I’ve enjoyed a couple of Turgenev novels (Home of the Gentry & Fathers & Sons) and I plan on reading other titles starting in 2011. It seemed like a good time to move into a Turgenev bio, so I picked up Henri Troyat’s study of Turgenev to get the details. Troyat (real name Lev Tarasov) was born in Russia in 1911, but the family left in 1920 and settled in Paris. When dealing with some aspect of Russian history (and Troyat does discuss certain names and beliefs in this book), it’s a good idea to know where the author stands on the subject of 19th century Russian politics.
Troyat was a prolific author and produced over a vast number of books before his death in 2007. One of his specialties was the biography. His Russian subjects include:
Apart from covering a fair number of 19th century Russian authors, Troyat also tackled monarch biographies and later in his writing career moved onto the French giants of literature including: Balzac, Maupassant, Flaubert and Zola. According to someone who’s read nearly all Troyat’s Russian bios, at just over 160 pages, Turgenev is a relatively light analysis when compared to the Pushkin bio which clocks in at well over 600 pages.
Russian journalist Leonid Parfyonov, calls Turgenev “the main author of conflicts of the epoch” –the most prominent 19th century so-called Westernized Russian author. Turgenev, a tireless promoter of Russian literature in Europe, was reviled by most of his Russian peers, but then the Russian literati scene was as fractured as Russia itself:
In those days the literati of Russia were divided into two camps: the Slavophiles, for whom there was no salvation, in art, philosophy, or even politics, except in traditional, Russian, Orthodox, grassroots sources; and the Westerners, who maintained that all thing good came from abroad. The former vibrated solely to the nation’s past, its specific personality; they feared pollution from new ideas, they claimed that Russia should become the spiritual guide to all mankind. The latter proclaimed themselves open to the world, to progress; they wanted to see Russia merge with Europe.
Here’s another quote from Parfyonov who states that “Turgenev was seen as the leader of the ‘Western’ liberals and Dostoevsky was the leader of the Slavophile conservatives”:
They were authorities of those doctrines, rulers of other people’s minds. But they themselevs were free from those doctrines. But they were not free from their own minds.
It seems difficult to slot someone like Tolstoy into either the camp of the Western liberals or the Slavophile conservatives. Plus where do the revolutionaries fit in? I don’t feel comfortable with catch-all terms such as ‘left,’ ‘right,’ ‘radical’ and ‘liberal’. Real life is much more muddled and complicated than that. Here’s a quote from The Magical Chorus by Solomon Volkov on exactly where Tolstoy was supposed to fit in the scheme of things. Hint: he didn’t:
Since Tolstoy the writer was cast by critics as the patron saint of everything from realism to socialist realism, it comes as no surprise that politically he was variously labeled as well. Contemporaries tried to pin him down as a repentant aristocrat, or the voice of the patriarchal Russian peasantry, or a Christian anarchist, and even as a die-hard revolutionary. It was all true to a point: Tolstoy preached an extreme simplicity of life and took a hard libertarian stance toward government, which he considered immoral and illegal, yet he also rejected all forms of violence. In his famous 1909 article ‘I Cannot Be Silent,’ he protested capital punishment in Russia and did not recognize the authority of organized religion. This inevitably led the rebel count into conflict with the autocracy and the Russian Orthodox Church. Many believed that a confrontation with Tolstoy gravely weakened both institutions.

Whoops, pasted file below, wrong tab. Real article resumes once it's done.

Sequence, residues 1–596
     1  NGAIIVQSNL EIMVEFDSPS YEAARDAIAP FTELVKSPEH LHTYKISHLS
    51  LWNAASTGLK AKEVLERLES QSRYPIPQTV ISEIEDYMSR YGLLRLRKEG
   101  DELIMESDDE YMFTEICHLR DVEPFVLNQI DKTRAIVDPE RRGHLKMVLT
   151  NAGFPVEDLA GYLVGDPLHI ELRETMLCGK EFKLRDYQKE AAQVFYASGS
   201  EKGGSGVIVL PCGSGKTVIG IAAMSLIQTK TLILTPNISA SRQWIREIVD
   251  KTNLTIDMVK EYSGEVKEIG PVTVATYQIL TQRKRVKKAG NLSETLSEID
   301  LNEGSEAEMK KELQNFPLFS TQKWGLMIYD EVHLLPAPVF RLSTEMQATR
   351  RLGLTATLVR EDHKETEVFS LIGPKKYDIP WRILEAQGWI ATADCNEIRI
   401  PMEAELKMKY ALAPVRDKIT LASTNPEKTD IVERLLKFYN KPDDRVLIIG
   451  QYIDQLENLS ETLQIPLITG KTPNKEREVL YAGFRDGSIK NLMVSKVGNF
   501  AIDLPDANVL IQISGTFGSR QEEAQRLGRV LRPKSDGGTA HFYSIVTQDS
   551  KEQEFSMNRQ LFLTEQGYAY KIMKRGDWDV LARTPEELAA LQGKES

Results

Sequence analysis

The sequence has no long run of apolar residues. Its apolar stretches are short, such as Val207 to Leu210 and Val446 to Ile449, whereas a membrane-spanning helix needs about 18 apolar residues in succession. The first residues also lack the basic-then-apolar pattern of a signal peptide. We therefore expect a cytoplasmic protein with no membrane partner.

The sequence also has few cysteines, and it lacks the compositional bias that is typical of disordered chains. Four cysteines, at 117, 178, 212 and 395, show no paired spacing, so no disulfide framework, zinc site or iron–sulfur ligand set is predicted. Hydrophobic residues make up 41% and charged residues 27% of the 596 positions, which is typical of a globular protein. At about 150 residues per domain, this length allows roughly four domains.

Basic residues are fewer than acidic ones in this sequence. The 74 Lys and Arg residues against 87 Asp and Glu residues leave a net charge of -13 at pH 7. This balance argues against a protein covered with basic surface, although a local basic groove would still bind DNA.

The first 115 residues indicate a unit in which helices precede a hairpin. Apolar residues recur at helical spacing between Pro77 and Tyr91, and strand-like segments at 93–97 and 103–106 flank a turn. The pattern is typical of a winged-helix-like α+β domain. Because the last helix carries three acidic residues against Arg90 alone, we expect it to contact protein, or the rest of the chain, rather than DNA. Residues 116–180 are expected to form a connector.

Polyglot Tolstoy, who doesn’t fit neatly into either the Slavophile or the Western camp, is often described as an anarcho-pacifist.
But back to Turgenev….Turgenev’s era was hardly the first time the Western/Slavophile debate raged in Russia. After all Tsar Peter the Great founded St Petersburg with the idea that it would serve as a ‘window to the west’, but the debate was gathering steam. For most of his life, Turgenev, with a lifelong horror of violence and “radicalism,” found himself increasingly alienated from his Russian peers. While the Slavophile author, Aksakov found much to admire in the pure Russian sensibilities of the 1852 story Mumu, within a few years, in increasingly turbulent political times, Turgenev’s great novels were largely trashed by critics on all sides. Russian critical appreciation of Turgenev’s work came, finally, towards the end of his life.
Troyat takes a strictly chronological approach and begins with some initial background information about Turgenev’s parents. This sets the scene for the family dynamic–a tyrannical mother who failed, in spite of her superior material circumstances, to rule her indolent husband–a man who appeared to prefer the easy company of serf girls. Turgenev’ s mother, Varvara Petrovna sounds as though she was a tough, hard woman. After her mother’s death, at age 16, Varvara’s stepfather tried to rape her:
She left home and walked sixty versts half naked through the snow to Spasskoye an estate belonging to a maternal great-uncle.
A verst is about 2/3 of a mile, by the way. Life at Spasskoye sounds rather explosive, for while the great-uncle allowed Varvara to stay there, they fought continuously, and Troyat tells us that:
Just as he was about to disinherit her, he died, in rather peculiar circumstances.
After dropping that nugget of information, Troyat explores it no further. Frustrating.